Lithium supply chain for electric vehicle batteries: Europe’s missing link

Green Lithium has made significant progress towards centralising the European lithium supply chain with its UK refinery.

The car manufacturing industry in Europe and the UK is currently undergoing an unprecedented revolution due to the anticipated demand for electric vehicles, driven by EU-wide and national targets set under the Paris Agreement along with other green energy initiatives. The Paris Agreement brings together United Nations Member States in the common cause to strengthen the global response to the threat of climate change.  Decarbonisation and the commitment to drastically reduce the burning of fossil fuels is a key focus of the agreement.

As the EU attempts to reduce its consumption of fossil fuels and the trend in car production moves towards electric energy, the lithium-ion battery will be at the heart of such cars. Europe is one of the largest consumers of lithium, but its supply chain is currently entirely dependent on imports from China. Not only does this have serious environmental concerns, the lithium supply chain is also at the mercy of commercial and geopolitical issues.

The current strategic risk and high cost to the environment

The battery pack (including the battery management system) is the most significant cost associated with the production of modern electric cars, accounting for about 40% of the overall vehicle cost; as many of the raw materials needed are imported from Australia and China. Not only does this expose the lithium supply chain to risks regarding the transport of raw materials, but the environmental cost is also high due to the cost of shipping, giving electric cars an inherently high carbon footprint before they are even manufactured.

The European approach

In October 2017 the European Commission launched The European Battery Alliance (EBA). The immediate objective was to create a competitive manufacturing value chain in Europe, with sustainable battery cells at its core.

European Commissioner Elżbieta Bieńkowska said: “Europe is investing in a competitive and sustainable battery manufacturing sector. We want to provide a framework that includes secure access to raw materials, support for technological innovation and consistent rules on battery production. We envisage a strong battery industry that contributes to the circular economy and clean mobility.”

In line with the rising trend for electric vehicles and the increase in European lithium battery factories, calls for a domestic raw material supply chain with a low carbon footprint are also mounting. The UK car industry has announced plans to invest £1bn (€1.16bn) to build electric cars in Britain – an objective that is directly supported by the UK government. This commitment has been echoed by European auto manufacturers, but these ambitions are restricted by the need to import the raw materials from China.

The current lithium supply chain

While there are more and more lithium mines being developed in Europe, there is currently no refinery in the European battery supply chain which can convert raw lithium ore concentrate into battery grade lithium hydroxide or carbonate. This means that despite the increase in domestic lithium mining manufacturers still need to outsource the refining of the lithium to China, significantly reducing the environmental benefits of locally mined lithium, and maintaining the high costs associated with the refining process.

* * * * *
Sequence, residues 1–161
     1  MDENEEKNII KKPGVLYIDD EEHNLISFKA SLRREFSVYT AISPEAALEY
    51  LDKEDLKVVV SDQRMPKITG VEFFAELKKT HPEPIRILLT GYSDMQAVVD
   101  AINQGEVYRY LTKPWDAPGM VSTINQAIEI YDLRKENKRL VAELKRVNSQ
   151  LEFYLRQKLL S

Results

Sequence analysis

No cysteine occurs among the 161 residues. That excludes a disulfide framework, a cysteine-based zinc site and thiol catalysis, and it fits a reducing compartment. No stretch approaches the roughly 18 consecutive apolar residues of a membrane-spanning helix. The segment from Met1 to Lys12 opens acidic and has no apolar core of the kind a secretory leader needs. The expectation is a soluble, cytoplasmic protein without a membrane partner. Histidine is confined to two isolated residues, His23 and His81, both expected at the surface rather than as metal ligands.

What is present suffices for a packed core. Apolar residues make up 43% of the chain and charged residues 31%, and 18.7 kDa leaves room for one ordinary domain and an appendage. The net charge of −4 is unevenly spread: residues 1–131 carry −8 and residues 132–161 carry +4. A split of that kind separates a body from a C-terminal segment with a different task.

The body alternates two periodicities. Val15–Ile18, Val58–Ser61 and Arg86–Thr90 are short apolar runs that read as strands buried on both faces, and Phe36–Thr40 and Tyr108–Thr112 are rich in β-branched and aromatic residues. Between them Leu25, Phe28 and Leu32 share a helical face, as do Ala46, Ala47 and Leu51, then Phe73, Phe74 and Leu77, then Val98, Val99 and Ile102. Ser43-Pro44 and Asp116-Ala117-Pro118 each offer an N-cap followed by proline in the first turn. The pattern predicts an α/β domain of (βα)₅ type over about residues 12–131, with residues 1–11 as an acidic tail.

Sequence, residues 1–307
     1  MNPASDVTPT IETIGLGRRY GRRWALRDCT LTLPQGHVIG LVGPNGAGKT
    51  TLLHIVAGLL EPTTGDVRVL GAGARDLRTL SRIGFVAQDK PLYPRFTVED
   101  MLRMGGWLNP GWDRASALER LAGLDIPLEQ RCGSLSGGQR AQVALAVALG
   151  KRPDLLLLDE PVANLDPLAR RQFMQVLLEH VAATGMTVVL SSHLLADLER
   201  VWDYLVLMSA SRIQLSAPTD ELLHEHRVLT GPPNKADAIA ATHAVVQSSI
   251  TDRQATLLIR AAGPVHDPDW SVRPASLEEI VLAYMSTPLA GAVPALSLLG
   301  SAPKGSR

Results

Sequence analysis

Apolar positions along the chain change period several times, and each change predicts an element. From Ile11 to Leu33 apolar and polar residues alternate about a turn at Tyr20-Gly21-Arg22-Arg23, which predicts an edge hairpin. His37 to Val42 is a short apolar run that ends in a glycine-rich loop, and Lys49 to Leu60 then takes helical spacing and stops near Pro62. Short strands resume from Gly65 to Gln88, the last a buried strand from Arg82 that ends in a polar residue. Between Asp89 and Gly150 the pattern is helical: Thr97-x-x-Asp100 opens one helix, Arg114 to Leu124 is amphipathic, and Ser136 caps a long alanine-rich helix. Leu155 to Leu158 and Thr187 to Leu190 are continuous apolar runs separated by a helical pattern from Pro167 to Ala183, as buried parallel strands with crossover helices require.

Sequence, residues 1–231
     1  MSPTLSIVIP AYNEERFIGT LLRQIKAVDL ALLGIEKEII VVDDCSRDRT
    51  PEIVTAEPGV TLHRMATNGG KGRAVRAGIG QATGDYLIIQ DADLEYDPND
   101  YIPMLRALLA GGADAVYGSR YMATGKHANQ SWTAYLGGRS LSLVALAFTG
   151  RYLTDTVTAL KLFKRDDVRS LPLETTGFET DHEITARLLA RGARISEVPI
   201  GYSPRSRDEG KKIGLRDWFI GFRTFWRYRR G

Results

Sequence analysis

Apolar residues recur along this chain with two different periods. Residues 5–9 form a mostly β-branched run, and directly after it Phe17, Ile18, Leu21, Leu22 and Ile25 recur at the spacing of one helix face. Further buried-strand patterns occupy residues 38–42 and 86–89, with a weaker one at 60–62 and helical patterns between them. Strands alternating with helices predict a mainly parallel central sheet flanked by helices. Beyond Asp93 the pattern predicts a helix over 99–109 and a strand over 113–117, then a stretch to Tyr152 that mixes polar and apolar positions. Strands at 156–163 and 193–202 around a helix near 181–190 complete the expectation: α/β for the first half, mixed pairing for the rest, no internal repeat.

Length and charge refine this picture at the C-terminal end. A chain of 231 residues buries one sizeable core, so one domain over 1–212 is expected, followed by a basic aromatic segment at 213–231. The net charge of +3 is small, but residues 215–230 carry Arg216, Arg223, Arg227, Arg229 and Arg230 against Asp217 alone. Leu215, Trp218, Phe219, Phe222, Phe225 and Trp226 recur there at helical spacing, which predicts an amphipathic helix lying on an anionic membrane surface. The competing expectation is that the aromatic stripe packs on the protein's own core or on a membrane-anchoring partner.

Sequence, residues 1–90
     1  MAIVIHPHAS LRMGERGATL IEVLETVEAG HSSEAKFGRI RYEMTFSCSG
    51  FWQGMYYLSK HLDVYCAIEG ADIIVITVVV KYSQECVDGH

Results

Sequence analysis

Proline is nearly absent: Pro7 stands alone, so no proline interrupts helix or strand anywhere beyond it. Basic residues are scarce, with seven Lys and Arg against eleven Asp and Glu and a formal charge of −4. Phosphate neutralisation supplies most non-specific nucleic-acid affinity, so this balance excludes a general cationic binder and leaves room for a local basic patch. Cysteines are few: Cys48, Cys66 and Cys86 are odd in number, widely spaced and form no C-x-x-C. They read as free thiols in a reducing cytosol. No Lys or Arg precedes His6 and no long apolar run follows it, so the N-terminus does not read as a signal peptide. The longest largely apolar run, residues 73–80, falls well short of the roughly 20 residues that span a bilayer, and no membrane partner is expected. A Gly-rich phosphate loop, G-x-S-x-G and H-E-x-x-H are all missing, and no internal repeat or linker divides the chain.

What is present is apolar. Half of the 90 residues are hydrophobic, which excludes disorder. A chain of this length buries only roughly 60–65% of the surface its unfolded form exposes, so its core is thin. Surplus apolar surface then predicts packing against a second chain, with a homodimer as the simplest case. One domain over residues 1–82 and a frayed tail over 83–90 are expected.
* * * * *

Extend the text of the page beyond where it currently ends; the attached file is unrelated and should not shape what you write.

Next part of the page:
Instead, European battery manufacturers need a solution which shortens and secures the supply chain; and domestic refinery capabilities are the missing link. While other regions are attempting to compete with China’s refining capabilities (for example Neometals and Manikaran Power are making significant strides in India), currently only one UK company is seeking to fill this gap in the European value chain – Green Lithium.

EU centralised lithium refinery in the UK

Green Lithium has made significant progress towards building a European lithium refinery based in the UK, which will shake up the European lithium market and all but extinguish the need to outsource to China. The refinery will act as a centralised hub to process unrefined lithium concentrate from sources across the UK and Europe and provide battery-grade lithium hydroxide and carbonate to Europe’s battery factories.  By doing so, Green Lithium will provide the missing link to securing and shortening the supply chain for the UK and European auto industry.

A market leading refining approach

Working with strategic partners from around the world, and improving upon existing industry practices, Green Lithium has developed a ‘market leading’ refining approach the company calls ‘Pit2Plant’.

Pit2Plant harnesses beneficiation and hydrometallurgy techniques, which will be the technical foundation of their centralised refinery. This is a unique end-to-end approach for lithium mineral processing using innovative technologies which are not currently widely used within the industry, making Green Lithium a trailblazer in this area.  This technology will be instrumental in providing an environmentally friendly solution to tightening the European lithium supply chain.

Drawing on experience from some of the largest lithium operations in the world (with a focus on large scale Australian mining operations), Green Lithium’s approach has three main benefits when compared with traditional refining techniques: reduced cost, fewer risks and shorter project delivery times.

The processing and refining of lithium is often overlooked but is a vital component of any strategic regional supply chain, and one which the UK and Europe green economy cannot do without.

Green Lithium

107-111 Fleet St

London EC4A 2AB

+44 (0)20 8191 7644

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